*The Caldecott Medal is not actually given to the book, but to "the artist of the most distinguished American Picture Book for Children published in the United States during the preceding year." (My emphasis.)

Controversies in Award Land
The Caldecott has a huge impact on a book's sale, a publisher's fortunes, and an illustrator's career. With so much riding on a win - or lack thereof - there are of course lots of...heated discussions of issues. Here are a few you might enjoy debating with other picture book fans.

The Gender Divide
Male illustrators are much more likely to win the award - and have in fact become increasingly likely to win it, in contrast to what you might think. I've discussed this at length here and here, so you may be sick of it. But it's shaping up to be an issue AGAIN this year - Elizabeth Bird's top contenders are ALL by men (though most of her longshots are by women) and the Horn Book folks are concerned too (see here). I will probably be back to revisit this issue again in a few weeks. Sigh.

The Racial Divide
Caldecott winners are more likely to be white, compared to the representation of people of color in the U.S. population. And characters in the books are more likely to be white. New awards, like the Coretta Scott King Award and the Belpre Medal were created to make sure that illustrators and writers of color also get recognition, but some have argued that this actually reduces the ability of those illustrators to win the Caldecott, which still carries more prestige.

Popular/Kid-Appealing versus Distinguished
The committee does not take into account whether the books they consider or choose are liked by actual kids, just whether they are "distinguished" in their illustrations and design. Should popularity matter? Would that lead to the awards being dominated by books found by the checkout line in the grocery store? Or is it possible for books to be both popular and distinguished?

The Process
Unlike other best-of awards, the Caldecott committee does not produce a public long list or short list prior to the selection; some feel that publication of the lists would invite more attention to special books all year and give recognition to a wider array of artists.
There are also concerns about the makeup of the committees, which tends to be heavily female (I know!), white and well, librarian. Does that influence their choices?
The chosen books tend to slant older, though heavily illustrated chapter books almost never win. This is partly because older books tend to have more complex, work-intensive illustrations than books for the very young. Should there be a separate award for books for the very young? Or some way of handicapping that gives those books an equal shot (such as making age-appropriateness a heavily weighted variable).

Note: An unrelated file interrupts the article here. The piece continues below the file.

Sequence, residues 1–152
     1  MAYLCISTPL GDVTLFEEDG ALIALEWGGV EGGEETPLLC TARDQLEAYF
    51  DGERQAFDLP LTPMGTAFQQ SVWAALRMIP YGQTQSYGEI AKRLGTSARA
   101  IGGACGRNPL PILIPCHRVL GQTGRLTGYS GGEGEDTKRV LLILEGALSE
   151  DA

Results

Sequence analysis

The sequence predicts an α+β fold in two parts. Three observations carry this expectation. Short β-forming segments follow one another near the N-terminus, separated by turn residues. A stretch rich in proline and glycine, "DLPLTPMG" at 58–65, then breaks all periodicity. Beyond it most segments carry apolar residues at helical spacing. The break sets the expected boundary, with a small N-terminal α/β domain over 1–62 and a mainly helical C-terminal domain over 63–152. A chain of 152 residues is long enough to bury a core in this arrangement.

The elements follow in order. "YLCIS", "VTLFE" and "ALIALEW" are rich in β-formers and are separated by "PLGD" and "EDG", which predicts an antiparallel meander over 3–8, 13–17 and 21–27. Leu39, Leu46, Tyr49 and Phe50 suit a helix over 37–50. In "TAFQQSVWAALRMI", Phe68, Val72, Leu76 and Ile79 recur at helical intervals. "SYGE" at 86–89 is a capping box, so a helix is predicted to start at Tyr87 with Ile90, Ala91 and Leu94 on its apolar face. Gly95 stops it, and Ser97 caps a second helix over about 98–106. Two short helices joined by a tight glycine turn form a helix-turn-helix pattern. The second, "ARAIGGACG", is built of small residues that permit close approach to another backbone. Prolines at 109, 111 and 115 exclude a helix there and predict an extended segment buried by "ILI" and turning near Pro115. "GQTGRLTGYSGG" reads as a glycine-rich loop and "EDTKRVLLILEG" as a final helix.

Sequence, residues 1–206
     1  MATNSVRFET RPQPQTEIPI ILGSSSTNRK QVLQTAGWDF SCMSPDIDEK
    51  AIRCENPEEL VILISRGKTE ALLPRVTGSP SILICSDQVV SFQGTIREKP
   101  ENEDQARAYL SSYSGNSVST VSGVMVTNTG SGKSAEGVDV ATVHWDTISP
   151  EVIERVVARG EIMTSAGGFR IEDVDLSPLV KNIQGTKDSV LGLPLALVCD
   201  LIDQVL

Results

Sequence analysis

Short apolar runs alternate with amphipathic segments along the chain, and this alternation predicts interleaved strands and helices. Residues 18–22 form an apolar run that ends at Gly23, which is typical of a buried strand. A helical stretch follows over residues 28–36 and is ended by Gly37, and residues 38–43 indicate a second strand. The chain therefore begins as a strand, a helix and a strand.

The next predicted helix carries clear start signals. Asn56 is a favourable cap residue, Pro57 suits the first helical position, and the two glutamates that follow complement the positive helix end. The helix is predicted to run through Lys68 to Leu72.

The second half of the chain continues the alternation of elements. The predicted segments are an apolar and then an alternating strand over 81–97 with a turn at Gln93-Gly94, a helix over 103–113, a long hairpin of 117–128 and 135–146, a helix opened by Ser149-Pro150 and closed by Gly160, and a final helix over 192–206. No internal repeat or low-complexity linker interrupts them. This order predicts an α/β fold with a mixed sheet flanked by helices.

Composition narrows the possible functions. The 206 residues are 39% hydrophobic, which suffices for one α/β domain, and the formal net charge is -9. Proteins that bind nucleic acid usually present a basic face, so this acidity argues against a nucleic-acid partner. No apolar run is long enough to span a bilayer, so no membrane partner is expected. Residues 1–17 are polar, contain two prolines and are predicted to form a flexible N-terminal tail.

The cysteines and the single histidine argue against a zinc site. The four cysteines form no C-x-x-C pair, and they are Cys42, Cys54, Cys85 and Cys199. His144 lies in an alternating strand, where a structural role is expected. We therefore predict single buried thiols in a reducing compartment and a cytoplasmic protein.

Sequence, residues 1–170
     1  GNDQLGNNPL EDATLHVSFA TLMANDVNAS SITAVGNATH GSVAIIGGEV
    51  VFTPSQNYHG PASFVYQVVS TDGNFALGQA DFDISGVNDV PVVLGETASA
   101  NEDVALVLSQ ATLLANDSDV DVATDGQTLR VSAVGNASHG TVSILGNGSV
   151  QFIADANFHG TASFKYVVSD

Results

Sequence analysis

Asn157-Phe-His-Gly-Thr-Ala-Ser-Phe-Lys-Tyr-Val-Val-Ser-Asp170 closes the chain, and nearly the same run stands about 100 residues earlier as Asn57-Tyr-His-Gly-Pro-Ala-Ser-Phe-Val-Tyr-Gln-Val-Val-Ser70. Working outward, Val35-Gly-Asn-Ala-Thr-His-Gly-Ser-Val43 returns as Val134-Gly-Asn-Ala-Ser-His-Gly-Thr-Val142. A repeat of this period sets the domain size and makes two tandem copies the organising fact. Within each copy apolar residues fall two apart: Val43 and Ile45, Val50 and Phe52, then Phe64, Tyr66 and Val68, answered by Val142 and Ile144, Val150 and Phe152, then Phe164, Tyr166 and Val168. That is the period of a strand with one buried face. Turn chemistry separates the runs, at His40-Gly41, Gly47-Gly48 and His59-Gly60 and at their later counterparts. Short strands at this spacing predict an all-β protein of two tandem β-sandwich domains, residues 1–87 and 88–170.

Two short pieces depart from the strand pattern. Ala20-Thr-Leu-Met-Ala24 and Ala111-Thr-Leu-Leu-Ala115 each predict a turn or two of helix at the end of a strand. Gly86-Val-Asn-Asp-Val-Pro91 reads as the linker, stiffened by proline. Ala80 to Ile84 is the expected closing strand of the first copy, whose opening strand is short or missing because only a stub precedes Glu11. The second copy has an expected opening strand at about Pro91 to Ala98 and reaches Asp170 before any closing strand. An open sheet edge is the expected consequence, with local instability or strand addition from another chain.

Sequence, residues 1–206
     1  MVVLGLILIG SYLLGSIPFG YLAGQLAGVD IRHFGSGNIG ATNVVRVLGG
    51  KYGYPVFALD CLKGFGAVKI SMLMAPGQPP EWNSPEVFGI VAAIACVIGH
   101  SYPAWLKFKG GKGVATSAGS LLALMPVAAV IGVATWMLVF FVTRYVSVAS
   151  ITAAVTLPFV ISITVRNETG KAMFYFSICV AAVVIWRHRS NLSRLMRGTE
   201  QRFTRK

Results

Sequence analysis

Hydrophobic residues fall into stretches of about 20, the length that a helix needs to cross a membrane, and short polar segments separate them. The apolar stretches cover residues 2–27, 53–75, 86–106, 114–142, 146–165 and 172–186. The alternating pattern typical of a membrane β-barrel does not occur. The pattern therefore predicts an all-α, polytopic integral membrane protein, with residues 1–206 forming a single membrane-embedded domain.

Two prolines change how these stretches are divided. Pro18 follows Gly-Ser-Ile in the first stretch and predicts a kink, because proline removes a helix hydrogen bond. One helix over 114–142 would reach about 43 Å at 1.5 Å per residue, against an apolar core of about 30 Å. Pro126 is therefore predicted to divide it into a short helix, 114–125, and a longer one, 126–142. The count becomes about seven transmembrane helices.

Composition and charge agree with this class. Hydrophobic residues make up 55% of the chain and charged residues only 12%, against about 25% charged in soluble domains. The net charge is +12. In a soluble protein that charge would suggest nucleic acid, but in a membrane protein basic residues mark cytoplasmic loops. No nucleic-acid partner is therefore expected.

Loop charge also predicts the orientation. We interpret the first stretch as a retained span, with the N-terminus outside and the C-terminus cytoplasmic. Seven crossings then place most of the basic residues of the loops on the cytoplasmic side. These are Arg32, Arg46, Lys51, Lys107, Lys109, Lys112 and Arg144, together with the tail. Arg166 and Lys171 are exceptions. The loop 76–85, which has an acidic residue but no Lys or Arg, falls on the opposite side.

The Role of the Text
Although the author clearly benefits - and clearly influences the illustrator's work -- the award goes to the illustrator and not the text. Should the award take the text into account? Occasionally books have won despite near universal agreement that the text was not of the same level - but more often books without distinguished texts fail to make the cut, regardless of how remarkable the art is.

Controversies about Specific Books in Contention
This year, for example, there are two books that are basically retellings of other well known tales - Journey by Aaron Becker owes its existence to Harold and the Purple Crayon by Crocket Johnson, and Bluebird by Bob Staake is clearly a revisit of The Red Balloon by Albert Lamorrisse. Elizabeth Bird was uneasy about Bluebird for these reasons, but doesn't seem to have similar qualms about Journey. (See here.) What do you think? Can a retelling/showing be distinguished?

My Pick
Hands down, both as what I want and what I think will win:
See my earlier review (and comparison with The Purple Crayon) here to understand my choice.
(I did get a giclee print of Becker's Tree House art for Christmas! From my wonderful son, Eric! Thank you, again, Eric!)

You can read details about the award here and find information about the announcement of all the ALA's Youth Media awards (which now number 18) here. This link will take you to the live webcast of the awards, if you wish to follow them.

Monday, January 13, 2014

Ten Fun Fantasy Reads for YA

by Cynthia Light Brown

Here are a few of my favorites, in no particular order.
1.When the Stars Threw Down Their Spears (Goblin Wars Series) by Kersten Hamilton. Wow, do I love these books. Read my interview with the wonderful Kersten Hamilton from this blog on Dec. 20. It’s YA, and has plenty of interest for adults as well, but it’s appropriate for a young YA as well.

2.     Warrior Heir (Heir Chronicles) by Cinda Williams Chima. An updated War of the Roses, set on the edge of Appalachia in southeastern Ohio, and Great Britain as well. 

3.     Sabriel (The Abhorsen Trilogy), by Garth Nix. Ah, Mogget is such a wonderfully intriguing and complex character. Don’t know who Mogget is? Read the trilogy.

4.     Furies of Calderon (Codex Alera) by Jim Butcher. Classic high fantasy (if you prefer urban fantasy, try his Dresden Files series). These are written for adults, but fit the YA market perfectly.